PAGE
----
Showing posts from May, 2011

The Prime Minister's Prerogative Powers - AS Students

There is an old article by Nick Cohen in the New Statesman which sought to explain why Tony Blair, as Prime minister, was able to behave virtually like a monarch unchecked. Cohen examined Blair's governing style, including his notoriously offhand attitude to the Cabinet, and looked at how the prerogative powers of the monarch contributed to the Prime Minister's dictatorial authority. Although the article, from 2002, clearly relates to the Blairite premiership, it is still a useful reference for AS students. The Blair precedent remains relevant in exams, and the issue of monarchical prerogative powers wielded by the PM has hardly gone away.

Cohen's article is here.

AS Unit 2 Help

Essay Tips, with specific reference to the topic of prime ministerial power (includes sample essay) can be found on the tutor2u website here. This piece is by Mike McCartney, author of the tutor2u revision guide.
Also, recent mark schemes and examiners' reports are collectively here, or click on the individual links below - they are well worth reading thoroughly:
June 2010 Mark Scheme
June 2010 Examiners' Report
Jan 2011 Mark Scheme
Jan 11 Examiners' Report

AS Unit 2 Links

With a half term looming before the second of the AS level politics exams, there is some space to read a few extra articles in order to gain that all important specific information which enhances exam answers so much. I have listed some suggestions below:

1. The Institute for Government blog is worth keeping an eye on anyway, but specifically have a look at this article by former Times commentator Peter Riddell about the effectiveness of ministers, and how long they should really be in place. Particularly cogent given that David Cameron has signalled his intention to try and keep ministers in their positions for a longer than normal period of time. Hence his reluctance to sack erring ministers like Caroline Spelman or even Ken Clarke. The downside of any plan to retain stability in ministerial office, of course, is that it generates frustration in the MP ranks below, all of whom want to experience office for themselves.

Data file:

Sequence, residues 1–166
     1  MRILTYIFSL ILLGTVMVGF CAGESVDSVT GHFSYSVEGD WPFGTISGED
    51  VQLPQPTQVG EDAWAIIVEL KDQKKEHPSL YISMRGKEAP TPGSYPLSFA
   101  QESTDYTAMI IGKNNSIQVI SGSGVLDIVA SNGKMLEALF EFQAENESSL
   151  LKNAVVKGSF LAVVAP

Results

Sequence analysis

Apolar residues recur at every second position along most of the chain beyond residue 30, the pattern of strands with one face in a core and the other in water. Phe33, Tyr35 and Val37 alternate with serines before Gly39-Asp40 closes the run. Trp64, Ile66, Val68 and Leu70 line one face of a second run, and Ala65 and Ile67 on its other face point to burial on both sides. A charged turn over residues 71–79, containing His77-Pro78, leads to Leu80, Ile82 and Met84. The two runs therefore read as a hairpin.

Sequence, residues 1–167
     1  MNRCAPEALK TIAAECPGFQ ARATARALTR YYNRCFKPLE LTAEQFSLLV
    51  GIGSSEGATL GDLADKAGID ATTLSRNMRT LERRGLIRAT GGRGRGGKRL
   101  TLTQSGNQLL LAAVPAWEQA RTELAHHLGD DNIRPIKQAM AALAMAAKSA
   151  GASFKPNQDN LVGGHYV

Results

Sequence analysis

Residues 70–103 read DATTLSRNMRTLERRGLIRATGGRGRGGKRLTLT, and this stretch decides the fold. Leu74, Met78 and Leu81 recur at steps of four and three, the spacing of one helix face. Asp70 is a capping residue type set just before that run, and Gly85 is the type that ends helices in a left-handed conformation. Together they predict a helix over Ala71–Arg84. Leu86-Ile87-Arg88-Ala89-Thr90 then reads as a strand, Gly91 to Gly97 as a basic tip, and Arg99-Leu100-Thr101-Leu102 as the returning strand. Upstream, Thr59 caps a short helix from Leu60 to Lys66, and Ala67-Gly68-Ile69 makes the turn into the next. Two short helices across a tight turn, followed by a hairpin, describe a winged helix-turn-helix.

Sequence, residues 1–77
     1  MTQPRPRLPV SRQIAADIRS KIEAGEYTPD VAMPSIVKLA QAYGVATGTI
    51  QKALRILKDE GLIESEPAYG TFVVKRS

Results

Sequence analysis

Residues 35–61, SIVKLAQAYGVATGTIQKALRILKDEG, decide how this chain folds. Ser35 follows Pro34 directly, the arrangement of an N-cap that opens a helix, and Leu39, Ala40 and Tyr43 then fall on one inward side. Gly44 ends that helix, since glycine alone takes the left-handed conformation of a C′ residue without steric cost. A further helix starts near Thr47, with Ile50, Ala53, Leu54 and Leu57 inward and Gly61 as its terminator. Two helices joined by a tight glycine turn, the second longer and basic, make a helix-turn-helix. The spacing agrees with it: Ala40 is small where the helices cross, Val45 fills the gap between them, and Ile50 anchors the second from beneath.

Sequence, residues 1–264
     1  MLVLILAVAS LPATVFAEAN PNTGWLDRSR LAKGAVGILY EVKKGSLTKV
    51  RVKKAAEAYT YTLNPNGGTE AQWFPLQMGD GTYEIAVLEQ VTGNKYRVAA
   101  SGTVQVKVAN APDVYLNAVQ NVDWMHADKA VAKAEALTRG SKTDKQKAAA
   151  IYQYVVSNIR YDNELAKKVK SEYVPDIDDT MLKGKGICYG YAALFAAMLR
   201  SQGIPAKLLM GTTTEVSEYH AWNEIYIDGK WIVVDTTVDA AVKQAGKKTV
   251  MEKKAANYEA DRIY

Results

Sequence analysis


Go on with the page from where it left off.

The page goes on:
2. If you have a bit of time, you could read through the Inst…

When Is An Apology Not An Apology

When it's in the Daily Mail apparently. I'm very late to this story about the Daily Mail from the indispensable Tabloid Watch blog, but it's an instructive case nonetheless. Having accused a senior medical consultant of saying that babies born at 23 weeks should be left to die, the Daily Mail then did some research and found out they'd got it wrong (always a danger when the research bit follows the writing bit). So they apologised. Somewhere deep in the US section of the paper, just where you'd an expect an apology on a health related story to be!
Tabloid Watch reports that the apology was eventually moved, and thank loads of people for tweeting the error, which may have had an impact on the Mail decision.
But if you think the Mail's bad, have a look down the TW stories for some great Express misnomers. I'm not sure anyone who reads the Express for serious news reasons actually has much of a brain to speak of, and they certainly shouldn't qualify for…

Sharing the Heartbreak

Good to see that the former SGS luminary who runs the Media Blog is as sympathetic as ever -

yfrog Photo : Shared by The_MediaBlog

The Not So Special Relationship

[photo tweeted by the Spectator's Pete Hoskin]

It’s all very friendly. David and Barack have been partnering each other in a table tennis game at a south London school; they’ve been serving up burgers in the No.10 garden; they’ve both been reveling in the pomp of a Buckingham Palace banquet; and they penned a joint article for the ‘Times’ suggesting that their two countries don’t just enjoy a ‘Special’ relationship but an ‘Essential’ one.

Oh dear. Another prime minister bites the dust as he succumbs to the seductive charms of the power and glory of the American presidency. It doesn’t really matter who the president is – although it can’t hinder matters that it is currently the coolest man on the planet, and a man more determined to get his guy than the Terminator. At some point in their premiership career the men, and one woman, at No. 10 quickly fall victim to the belief that Britain enjoys a Special Relationship with the United States. That there is precious little evidence to sug…

Republican Field Narrows Again

The race amongst putative Republican candidates for the US presidency seems to be one to announce that you're not running, rather than entering what is at the moment a pretty narrow field. And it just got narrower, as Indiana Governor Mitch Daniels cited family concerns for not joining the race in 2012.